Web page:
Mort Kunstler, a New York artist known for his historical paintings, has created what he considers a more historically accurate version of Washington crossing the Delaware River. The painting was unveiled at the New-York Historical Society on Monday, December 26, the date in 1776 that Washington led his troops into battle in Trenton after crossing the Delaware.
David Hackett Fischer, author of the Pulitzer Prize-winning book Washington’s Crossing, and featured speaker at the unveiling, says Kunstler’s version is “quite accurate” and “got more right than any other image.”
On that last detail however, there has been some debate. Rick Spilman, writing in the
“The problem is that most historians think that the American crossing of the Delaware used Durham boats, large flat-bottomed boats which hauled cargo such as ore, pig-iron, timber, and produce from upcountry mines, forests and farms down the Delaware River to Philadelphia’s thriving markets and port. Robert Durham, an engineer at the Durham Iron Works in Reiglesville, Pennsylvania, reputedly designed a prototype for these large cargo boats as early as 1757. Washington wrote to Governor Livingston of New Jersey, directing him to secure “Boats and Craft, all along the Delaware side…particularly the Durham Boats” for his anticipated crossing.”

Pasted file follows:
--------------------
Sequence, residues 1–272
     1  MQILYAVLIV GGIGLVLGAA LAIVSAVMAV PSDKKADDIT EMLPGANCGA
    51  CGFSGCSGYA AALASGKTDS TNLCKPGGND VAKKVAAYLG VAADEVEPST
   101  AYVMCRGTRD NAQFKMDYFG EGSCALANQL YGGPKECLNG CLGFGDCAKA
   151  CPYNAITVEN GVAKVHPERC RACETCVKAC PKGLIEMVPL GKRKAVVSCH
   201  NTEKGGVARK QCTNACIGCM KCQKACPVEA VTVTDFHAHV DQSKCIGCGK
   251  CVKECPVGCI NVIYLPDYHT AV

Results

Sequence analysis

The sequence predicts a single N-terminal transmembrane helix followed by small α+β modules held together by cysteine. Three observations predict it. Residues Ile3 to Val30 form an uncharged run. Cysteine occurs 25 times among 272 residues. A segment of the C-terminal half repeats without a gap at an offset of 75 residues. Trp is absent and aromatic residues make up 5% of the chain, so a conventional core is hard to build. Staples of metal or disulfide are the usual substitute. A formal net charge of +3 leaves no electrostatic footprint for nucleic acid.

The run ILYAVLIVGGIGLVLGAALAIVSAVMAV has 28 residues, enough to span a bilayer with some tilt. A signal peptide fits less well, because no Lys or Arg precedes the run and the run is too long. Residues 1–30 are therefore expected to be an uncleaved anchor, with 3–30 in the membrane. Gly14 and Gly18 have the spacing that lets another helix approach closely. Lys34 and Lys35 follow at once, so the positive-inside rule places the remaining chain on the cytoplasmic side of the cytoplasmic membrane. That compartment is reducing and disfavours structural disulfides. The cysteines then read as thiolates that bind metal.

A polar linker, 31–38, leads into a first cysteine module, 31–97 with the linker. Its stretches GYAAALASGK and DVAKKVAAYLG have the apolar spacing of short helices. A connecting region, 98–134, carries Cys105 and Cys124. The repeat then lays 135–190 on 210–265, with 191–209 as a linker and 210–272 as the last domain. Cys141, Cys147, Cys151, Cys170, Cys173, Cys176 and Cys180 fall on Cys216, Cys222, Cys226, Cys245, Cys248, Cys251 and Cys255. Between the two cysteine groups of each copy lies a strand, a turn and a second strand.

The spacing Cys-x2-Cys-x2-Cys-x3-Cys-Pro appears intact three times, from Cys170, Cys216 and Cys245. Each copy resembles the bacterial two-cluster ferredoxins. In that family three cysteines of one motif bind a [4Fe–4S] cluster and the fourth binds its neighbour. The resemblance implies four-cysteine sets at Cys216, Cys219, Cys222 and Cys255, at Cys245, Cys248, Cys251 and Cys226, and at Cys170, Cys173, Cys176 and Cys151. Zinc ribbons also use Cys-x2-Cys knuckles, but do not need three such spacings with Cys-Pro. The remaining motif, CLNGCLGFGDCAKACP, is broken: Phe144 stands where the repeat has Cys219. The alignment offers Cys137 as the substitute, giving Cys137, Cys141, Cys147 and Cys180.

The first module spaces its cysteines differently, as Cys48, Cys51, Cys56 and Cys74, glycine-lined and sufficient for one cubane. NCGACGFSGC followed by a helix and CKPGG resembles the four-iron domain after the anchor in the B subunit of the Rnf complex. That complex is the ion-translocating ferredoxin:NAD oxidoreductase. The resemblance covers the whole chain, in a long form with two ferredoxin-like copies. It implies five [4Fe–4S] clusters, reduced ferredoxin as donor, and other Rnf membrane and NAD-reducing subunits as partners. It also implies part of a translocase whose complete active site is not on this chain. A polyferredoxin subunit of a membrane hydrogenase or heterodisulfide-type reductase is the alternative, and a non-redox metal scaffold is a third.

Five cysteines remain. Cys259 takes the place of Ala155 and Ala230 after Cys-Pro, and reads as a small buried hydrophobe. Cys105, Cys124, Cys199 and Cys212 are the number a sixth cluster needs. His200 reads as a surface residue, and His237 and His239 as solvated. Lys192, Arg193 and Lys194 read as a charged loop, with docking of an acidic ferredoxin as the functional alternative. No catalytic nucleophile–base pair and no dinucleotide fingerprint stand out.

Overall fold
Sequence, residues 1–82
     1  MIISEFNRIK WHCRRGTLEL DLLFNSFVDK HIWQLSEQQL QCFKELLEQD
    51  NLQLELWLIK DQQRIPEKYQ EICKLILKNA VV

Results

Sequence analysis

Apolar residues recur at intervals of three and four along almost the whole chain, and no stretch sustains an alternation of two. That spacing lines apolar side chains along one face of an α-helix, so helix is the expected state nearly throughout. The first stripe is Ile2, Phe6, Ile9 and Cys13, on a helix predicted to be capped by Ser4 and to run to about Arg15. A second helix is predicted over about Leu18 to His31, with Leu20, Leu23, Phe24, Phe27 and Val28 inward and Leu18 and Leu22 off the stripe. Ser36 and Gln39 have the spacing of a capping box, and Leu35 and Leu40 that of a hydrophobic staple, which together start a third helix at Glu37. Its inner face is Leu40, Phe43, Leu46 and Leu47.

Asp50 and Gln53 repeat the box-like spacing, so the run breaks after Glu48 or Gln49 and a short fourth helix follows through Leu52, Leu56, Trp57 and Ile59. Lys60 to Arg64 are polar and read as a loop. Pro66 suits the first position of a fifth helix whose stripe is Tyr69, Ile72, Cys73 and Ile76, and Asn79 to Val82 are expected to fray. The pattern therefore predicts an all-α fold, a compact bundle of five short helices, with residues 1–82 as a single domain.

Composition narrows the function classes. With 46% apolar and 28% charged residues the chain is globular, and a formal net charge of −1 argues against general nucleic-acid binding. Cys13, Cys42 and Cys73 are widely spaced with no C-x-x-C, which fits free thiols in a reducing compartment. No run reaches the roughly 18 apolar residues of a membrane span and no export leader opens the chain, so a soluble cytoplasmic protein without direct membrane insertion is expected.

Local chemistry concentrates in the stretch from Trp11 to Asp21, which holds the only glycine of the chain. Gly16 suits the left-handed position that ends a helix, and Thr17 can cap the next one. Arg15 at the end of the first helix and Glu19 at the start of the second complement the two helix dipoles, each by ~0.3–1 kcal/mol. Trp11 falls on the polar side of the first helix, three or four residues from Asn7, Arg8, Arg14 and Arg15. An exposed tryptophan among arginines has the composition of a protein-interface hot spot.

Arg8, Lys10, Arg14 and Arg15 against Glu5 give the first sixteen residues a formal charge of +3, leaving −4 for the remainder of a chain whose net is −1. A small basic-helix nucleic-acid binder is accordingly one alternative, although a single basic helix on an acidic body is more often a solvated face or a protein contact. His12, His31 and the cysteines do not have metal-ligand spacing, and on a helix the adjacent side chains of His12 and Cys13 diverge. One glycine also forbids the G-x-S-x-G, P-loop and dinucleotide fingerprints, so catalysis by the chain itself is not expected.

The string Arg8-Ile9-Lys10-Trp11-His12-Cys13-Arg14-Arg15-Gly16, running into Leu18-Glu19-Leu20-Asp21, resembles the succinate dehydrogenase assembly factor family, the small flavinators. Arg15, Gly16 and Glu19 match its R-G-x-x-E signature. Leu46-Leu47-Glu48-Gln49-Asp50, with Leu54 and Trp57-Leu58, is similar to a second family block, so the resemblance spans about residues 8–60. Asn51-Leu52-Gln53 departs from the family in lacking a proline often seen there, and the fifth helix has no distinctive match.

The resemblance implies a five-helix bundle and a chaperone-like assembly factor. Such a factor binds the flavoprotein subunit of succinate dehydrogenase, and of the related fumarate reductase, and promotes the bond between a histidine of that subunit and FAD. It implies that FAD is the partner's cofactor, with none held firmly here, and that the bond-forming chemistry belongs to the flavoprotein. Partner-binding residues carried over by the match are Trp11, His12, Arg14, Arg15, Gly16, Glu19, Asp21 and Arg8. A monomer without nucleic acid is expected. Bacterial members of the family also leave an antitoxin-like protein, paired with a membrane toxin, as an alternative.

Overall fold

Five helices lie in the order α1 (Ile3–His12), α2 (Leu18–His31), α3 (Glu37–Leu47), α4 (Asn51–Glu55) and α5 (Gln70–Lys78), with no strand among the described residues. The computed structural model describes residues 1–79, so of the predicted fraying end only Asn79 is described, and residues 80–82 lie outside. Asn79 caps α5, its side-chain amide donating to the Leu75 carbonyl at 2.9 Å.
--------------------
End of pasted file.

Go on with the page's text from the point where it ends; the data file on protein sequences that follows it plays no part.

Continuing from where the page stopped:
In any event, you’ll have just one day to compare the two paintings first hand. The newly restored Luetze painting will be unveiled in a new frame in the New American Wing Galleries for Paintings, Sculpture and Decorative Arts at the Metropolitan Museum on January 16, the day before the new Kunstler painting comes down at the New-York Historical Society.
Illustrations: Above, Mort Kunstler’s “Washington’s Crossing at McKonkey’s Ferry”- below, Emanuel Leutze’s 1851 “Washington Crossing the Delaware”.